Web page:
A few years ago, we told you about plans to bring a new arena to London. Quickly dubbed ‘The Golf Ball’ – because apparently no building gets planning permission in London without a stupidly obvious nickname – it looked like an oddball addition to east London. A year later, the group behind the project released new images, and things begun to look even clearer. Crystal clear, in fact.
Yep, the new arena’s updated look resulted in a new nickname: ‘The Crystal Ball’. Its real name is the far less snappy MSG Sphere, named after the Madison Square Garden group that commissioned it. And, this week, news has broken that the controversial space, which has received criticism for the noise and light pollution it would cause, was yesterday (March 22) given the go ahead by the local authority’s planning committee, as reported by Construction News. This approval marks the passing of a major stage, and now the decision lies with Mayor Sadiq Khan.
If this final stage goes through, the sphere would roll into Stratford, settling in a prime spot between Olympic Park and Westfield. MSG are planning to build an identical pair of balls: London will be the second, as their Las Vegas ball will drop first.
All jokes aside, this venue would be an interesting addition to London’s concert venues. With a maximum capacity of 21,500, MSG Sphere would overtake Manchester Arena and the O2 to become the UK’s biggest concert arena. They’re aiming to host music acts, award shows, immersive experiences, as well as sports such as boxing, UFC, and e-sports. Designed by the same team that revolutionised Wembley Stadium, the 90-metre tall arena boasts some rather nifty features.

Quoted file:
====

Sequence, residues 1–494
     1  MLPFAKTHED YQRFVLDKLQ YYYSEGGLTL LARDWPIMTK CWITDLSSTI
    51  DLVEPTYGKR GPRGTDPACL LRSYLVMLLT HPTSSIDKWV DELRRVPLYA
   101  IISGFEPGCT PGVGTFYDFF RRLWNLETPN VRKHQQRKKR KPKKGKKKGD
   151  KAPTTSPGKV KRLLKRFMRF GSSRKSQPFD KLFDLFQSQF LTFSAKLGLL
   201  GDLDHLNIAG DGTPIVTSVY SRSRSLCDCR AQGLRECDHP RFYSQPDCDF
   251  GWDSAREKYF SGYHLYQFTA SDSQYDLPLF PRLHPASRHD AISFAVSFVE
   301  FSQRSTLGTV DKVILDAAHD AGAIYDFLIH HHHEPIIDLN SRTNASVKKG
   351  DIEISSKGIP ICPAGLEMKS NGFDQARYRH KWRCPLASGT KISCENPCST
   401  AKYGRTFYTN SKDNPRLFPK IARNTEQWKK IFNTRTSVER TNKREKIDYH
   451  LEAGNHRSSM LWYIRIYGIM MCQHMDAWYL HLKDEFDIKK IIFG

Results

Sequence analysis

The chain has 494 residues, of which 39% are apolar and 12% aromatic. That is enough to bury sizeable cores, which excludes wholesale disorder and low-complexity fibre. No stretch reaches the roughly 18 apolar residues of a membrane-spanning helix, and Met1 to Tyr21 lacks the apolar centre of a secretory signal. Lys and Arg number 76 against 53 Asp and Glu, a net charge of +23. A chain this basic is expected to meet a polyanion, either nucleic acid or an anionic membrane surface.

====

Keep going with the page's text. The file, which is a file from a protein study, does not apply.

A revolutionary sound system designed by German outfit Holoplot promises that every audience member will experience the same audio quality, regardless of where they’re sat. The interior will boast the largest LED screen in the world, beaming images all over the arena – meanwhile, the spherical design and a host of triangular LED panels allow the exterior to show what’s happening too. No one has yet explained how that stops people watching events for free, but presumably the ball’s masters will find a way to handle it. Throw in high speed internet for every seat, and a concert here will be an experience quite like no other.
This is all hypothetical right now, as there is still that last stage to go. MSG are hoping the sweeteners of 4300 jobs per year during construction, and £2.5 billion of revenue for London over the first 20 years will grease the wheels to its eventual approval. If it’s given the final green light, building the MSG Sphere would take three years, and it is said the space would cover an area 50 times of that where the Piccadilly Circus advertising boards stand.
Officers at the London Legacy Development Corporation (LLDC) have reportedly described the proposals as acceptable, despite over 1,000 objections from locals and a petition against it receiving 2,000 signatures.
LLDC officers said it “would provide an attractive visual backdrop for people living, working, enjoying recreational time, visiting and travelling through the metropolitan town centre.”
Newham Council is also against the scheme, though it doesn’t play a role in the proposals, other than having two councillors on the planning committee.
Also published on Medium.